In Blink, Malcolm Gladwell explores the phenomenon he calls 'thin slicing'; the human ability to winnow out, in fractions of a second, salient facts from a mass of information and make a decision based on them. Something most of us do all the time without giving it much conscious thought – reading the facial expressions and body language of the people with whom we interact, walking down a busy street (or a quiet street late at night), our subconscious minds processing hundreds or even thousands of bits of information, deciding which few are important and making a judgement based on them.
Gladwell illustrates his thesis using several extended examples. The first is relatively straight forward. In 1983 California's Getty museum was offered a 2500 year old Greek statue, a kouros, for $10 million. All the tests said it was genuine but several art experts, at first glance and without being able to say precisely why, knew it was a fake. He also tells the stories of how an ugly chair conquered the offices of the world, how we are all effected by racial conditioning, how Chicago's Cook County hospital improved diagnosis of heart attacks by removing a physician's knowledge from the process, how a commander using WWII technology defeated the combined might of the the US armed forces in the largest ever war game, and more.
The author uses two main studies to demonstrate how this process of instant assessment works. John Gottman's 'love lab', where he gets couples to talk about a subject tangentially connected with their relationship and videos the exchange to bring out the non-verbal cues, and Paul Ekman, who is an expert of facial micro-expressions that last microseconds and over which we have no control (this latter also being the model for the excellent TV show Lie To Me with Tim Roth). Gladwell builds his argument convincingly and refers back to his examples frequently for both illustration and dramatic effect. Each example he uses shows a different facet of the Blink effect but also, and this is vital, how it can go wrong in certain circumstances.
While it is quick, this subconscious ability does require a moment to work, and can be short circuited by rushing or by an overload of adrenaline. Another case study chillingly shows what can happen when our subconscious is not given the opportunity to work properly. In 1999 an unarmed, innocent man, Amadou Diallo, was shot 41 times in the entryway of his own New York apartment building, by four policemen. He shows how a lack of experience, over-hasty action and perhaps even the over-confidence of numbers allowed these policemen to fall back on crude stereotypes and allow an initial poor assessment to lead them down a tragic course of events.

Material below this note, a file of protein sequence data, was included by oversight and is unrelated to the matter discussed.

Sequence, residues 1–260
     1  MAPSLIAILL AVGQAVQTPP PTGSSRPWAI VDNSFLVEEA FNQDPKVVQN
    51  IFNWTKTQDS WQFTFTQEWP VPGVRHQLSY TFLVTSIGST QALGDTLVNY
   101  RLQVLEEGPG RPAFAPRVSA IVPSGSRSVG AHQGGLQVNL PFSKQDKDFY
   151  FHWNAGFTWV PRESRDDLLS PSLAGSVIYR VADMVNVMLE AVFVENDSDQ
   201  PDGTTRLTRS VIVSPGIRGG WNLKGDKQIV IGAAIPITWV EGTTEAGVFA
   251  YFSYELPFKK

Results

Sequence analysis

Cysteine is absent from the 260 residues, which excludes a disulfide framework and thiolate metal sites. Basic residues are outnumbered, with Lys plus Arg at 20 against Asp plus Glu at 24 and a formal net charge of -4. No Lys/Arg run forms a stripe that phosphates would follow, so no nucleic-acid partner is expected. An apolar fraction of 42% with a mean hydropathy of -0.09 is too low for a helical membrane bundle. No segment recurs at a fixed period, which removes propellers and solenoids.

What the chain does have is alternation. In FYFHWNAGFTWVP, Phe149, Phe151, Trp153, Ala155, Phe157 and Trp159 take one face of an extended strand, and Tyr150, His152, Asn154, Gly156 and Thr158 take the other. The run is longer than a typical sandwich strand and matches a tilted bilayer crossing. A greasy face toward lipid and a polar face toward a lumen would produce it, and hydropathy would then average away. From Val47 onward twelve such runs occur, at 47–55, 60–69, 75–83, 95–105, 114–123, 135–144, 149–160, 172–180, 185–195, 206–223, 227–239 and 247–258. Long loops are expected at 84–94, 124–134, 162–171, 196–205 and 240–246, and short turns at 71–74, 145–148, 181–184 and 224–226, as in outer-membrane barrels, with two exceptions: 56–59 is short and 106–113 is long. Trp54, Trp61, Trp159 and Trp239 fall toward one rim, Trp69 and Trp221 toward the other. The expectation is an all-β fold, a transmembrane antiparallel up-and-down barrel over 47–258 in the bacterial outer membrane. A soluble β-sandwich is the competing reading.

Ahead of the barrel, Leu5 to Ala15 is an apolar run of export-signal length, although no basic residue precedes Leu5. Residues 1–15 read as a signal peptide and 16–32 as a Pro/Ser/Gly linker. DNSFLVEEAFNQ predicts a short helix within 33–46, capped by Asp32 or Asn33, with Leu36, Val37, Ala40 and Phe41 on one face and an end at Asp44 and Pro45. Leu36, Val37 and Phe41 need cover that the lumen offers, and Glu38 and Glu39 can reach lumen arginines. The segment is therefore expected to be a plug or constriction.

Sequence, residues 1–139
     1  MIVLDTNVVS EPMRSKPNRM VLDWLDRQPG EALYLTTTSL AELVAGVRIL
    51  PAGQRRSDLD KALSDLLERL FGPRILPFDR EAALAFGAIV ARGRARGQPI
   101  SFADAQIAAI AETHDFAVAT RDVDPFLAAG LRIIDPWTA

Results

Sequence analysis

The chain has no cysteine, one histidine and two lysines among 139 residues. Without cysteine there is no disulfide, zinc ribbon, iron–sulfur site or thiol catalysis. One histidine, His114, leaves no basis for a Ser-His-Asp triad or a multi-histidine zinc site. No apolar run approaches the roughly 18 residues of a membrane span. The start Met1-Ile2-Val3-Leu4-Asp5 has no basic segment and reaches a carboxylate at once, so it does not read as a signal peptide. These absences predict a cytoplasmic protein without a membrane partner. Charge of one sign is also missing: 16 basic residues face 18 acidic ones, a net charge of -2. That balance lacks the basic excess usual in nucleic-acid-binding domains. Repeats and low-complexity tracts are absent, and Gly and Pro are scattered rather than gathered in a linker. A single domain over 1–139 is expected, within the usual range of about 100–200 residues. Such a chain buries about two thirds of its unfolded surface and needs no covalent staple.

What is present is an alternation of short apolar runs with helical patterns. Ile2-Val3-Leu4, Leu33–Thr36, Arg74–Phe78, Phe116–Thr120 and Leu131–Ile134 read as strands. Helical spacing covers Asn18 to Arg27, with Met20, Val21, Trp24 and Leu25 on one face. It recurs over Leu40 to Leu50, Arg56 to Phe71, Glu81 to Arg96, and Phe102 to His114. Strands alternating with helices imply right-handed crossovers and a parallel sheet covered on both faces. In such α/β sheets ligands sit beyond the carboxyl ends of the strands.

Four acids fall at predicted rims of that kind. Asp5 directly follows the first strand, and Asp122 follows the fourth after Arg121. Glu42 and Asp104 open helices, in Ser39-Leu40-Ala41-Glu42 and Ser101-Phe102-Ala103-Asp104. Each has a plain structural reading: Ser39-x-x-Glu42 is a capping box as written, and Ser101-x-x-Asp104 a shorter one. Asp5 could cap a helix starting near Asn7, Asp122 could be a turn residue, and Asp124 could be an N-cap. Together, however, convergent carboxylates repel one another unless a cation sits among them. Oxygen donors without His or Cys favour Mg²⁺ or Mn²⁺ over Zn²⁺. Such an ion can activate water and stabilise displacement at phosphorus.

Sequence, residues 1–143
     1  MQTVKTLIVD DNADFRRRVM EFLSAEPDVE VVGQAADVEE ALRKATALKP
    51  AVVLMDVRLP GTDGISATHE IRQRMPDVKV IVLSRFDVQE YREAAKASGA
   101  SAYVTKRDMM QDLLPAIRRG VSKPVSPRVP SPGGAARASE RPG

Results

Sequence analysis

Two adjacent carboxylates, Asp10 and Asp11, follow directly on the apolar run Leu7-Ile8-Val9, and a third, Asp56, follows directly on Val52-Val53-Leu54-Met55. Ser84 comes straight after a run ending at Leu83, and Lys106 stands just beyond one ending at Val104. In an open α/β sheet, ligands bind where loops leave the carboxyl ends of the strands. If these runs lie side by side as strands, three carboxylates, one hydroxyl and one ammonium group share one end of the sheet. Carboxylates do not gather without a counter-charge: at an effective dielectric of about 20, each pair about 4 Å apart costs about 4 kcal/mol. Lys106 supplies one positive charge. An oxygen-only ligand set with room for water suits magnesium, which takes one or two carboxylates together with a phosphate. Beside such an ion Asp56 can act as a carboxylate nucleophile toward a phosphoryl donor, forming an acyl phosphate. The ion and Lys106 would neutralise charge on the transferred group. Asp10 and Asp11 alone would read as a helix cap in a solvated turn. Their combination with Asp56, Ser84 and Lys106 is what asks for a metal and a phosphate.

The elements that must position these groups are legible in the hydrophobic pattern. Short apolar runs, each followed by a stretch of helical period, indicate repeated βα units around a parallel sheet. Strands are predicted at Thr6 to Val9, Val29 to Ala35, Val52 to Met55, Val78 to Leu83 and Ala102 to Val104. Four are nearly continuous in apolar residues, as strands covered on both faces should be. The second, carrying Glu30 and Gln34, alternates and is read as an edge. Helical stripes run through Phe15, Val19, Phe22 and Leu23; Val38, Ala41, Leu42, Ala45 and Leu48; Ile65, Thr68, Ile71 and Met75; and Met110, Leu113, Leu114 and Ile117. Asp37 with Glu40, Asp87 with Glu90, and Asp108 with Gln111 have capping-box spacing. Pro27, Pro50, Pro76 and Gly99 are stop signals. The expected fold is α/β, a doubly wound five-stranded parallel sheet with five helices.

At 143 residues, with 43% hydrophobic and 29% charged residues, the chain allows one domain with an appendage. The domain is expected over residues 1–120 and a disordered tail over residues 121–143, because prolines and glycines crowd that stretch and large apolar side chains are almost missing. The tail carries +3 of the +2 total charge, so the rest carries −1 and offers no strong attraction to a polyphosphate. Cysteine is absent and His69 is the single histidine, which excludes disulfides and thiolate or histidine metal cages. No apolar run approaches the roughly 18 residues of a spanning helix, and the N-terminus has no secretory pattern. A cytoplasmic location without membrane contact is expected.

While Gladwell lauds the benefits of both listening to this subconscious supercomputer and developing the skills, in backing up the studies he constantly refers to the fact that this understanding has often been achieved by the exact opposite type of mentation – deliberate, analytical evaluation of evidence. This, along with the examples given, should show the reader that there are appropriate and inappropriate areas for this sort of thinking, although I can imagine some of the readership taking away only the face-value lesson of relying on first instincts and gut feelings. I would have liked to see a chapter on the abuse of these impressions, which is after all how con artists and frauds such as psychics operate. This could have been perhaps added into the chapter on Warren G. Harding, who was elected as US president because he was tall, handsome, masculine, dignified – and is considered by historians to be one of the worst presidents in US history. I want to take nothing away from this excellent book, however. It is superbly written, making excellent use of pacing and the storylines of the examples he uses to give the book structure. Malcolm Gladwell has a great style, authoritative and engaging, and he packs a great deal of both information and analysis into what is a quick, easy and enjoyable read.